Bound for vidstore bins and late-night cable timeslots, "Blind Horizon" is a formulaic Southwestern noir thriller glazed with arty affectations. Cast may attract undiscriminating renters -- and, perhaps, insomniacs -- but amnesia-themed drama is memorable only as final credit of vet character actor Noble Willingham.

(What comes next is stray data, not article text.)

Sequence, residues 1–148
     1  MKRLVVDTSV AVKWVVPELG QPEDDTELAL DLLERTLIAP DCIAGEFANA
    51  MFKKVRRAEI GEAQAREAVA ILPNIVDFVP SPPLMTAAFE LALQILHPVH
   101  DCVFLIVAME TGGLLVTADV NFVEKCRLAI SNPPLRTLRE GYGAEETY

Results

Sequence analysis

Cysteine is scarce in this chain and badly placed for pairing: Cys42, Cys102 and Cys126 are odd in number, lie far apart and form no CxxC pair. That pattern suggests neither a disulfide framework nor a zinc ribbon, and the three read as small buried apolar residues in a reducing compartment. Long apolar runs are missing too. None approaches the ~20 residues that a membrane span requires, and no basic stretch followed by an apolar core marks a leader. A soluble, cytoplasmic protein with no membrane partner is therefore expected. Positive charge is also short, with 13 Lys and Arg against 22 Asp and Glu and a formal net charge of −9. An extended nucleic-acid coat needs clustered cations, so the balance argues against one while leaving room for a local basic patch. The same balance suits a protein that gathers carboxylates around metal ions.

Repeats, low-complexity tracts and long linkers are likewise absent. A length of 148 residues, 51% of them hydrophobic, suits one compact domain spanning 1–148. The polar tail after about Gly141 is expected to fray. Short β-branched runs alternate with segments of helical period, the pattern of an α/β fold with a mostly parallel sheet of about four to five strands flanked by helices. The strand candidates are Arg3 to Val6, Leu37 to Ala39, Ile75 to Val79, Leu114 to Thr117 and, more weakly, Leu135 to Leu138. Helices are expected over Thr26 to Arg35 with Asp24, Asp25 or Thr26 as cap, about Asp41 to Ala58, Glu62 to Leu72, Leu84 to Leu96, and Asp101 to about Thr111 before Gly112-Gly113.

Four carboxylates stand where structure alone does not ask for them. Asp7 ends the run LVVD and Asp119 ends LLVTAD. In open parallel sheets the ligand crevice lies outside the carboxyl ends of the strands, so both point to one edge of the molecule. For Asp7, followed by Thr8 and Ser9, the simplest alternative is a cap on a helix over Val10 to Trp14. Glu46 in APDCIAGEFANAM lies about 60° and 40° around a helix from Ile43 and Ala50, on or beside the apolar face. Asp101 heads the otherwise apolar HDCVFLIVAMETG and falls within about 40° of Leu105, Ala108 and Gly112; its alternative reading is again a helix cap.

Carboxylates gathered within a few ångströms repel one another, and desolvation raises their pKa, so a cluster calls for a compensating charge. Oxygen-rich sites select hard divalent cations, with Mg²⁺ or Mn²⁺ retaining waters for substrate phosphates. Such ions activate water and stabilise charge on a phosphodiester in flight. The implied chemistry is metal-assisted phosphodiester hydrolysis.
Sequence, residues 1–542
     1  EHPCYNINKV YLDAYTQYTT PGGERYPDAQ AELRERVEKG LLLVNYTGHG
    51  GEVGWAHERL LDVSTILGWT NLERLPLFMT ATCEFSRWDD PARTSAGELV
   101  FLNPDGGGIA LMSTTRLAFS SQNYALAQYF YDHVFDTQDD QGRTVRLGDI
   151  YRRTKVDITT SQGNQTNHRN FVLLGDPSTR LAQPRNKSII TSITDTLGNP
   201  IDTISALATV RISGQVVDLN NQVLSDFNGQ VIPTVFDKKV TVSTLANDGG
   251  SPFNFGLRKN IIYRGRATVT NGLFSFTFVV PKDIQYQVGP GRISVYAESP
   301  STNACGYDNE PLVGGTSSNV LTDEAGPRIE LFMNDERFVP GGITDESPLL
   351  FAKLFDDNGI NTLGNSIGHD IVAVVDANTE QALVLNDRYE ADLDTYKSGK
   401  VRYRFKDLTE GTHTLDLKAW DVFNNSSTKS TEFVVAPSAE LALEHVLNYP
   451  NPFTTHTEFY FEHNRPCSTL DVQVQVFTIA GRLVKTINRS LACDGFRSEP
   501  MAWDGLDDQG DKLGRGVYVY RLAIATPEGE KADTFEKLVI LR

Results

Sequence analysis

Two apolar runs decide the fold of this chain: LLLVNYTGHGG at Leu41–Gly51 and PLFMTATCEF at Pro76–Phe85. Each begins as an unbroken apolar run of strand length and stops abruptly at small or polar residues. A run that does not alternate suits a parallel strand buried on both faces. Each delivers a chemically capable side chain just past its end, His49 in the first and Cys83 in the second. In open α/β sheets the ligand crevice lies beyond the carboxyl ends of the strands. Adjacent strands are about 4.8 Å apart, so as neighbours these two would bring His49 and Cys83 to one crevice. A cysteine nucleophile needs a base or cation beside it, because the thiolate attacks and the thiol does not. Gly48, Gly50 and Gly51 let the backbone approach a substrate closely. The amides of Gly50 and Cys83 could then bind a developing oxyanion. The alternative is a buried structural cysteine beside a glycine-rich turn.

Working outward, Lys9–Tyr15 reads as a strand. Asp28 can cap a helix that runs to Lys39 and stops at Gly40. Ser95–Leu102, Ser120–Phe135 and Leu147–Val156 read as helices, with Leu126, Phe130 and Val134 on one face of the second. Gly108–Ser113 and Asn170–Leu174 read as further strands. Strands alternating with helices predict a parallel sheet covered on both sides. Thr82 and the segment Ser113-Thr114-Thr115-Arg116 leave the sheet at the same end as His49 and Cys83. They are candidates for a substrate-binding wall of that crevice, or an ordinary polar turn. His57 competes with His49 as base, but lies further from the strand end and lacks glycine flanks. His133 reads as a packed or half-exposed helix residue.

Bound for vidstore bins and late-night cable timeslots, “Blind Horizon” is a formulaic Southwestern noir thriller glazed with arty affectations. Cast may attract undiscriminating renters — and, perhaps, insomniacs — but amnesia-themed drama is memorable only as final credit of vet character actor Noble Willingham.Val Kilmer gamely goes through the motions as Frank, memory-challenged protagonist found mortally wounded near a New Mexico desert town. He can’t remember his past, and doesn’t recognize the beautiful woman (Neve Campbell) claiming to be his wife. The local sheriff (Sam Shepard) takes an intense interest in the case, even while warding off an election challenge by long-time deputy (Willingham). After Frank begins to suspect he may be involved in a Presidential assassination conspiracy, visitors start turning up dead, and a cross-country Presidential motorcade is rerouted through the town. Helmer Michael Haussman tries to hype stale, ’70s-style paranoid plot with self-conscious visual stratagems and obfuscating editing. Pic remains at once frenzied and dull while aspiring to a complexity it never achieves. Amy Smart provides welcome jolt of sultriness as a nurse drawn to Frank. Faye Dunaway appears fleetingly as a conspiracy mastermind, but she doesn’t look happy.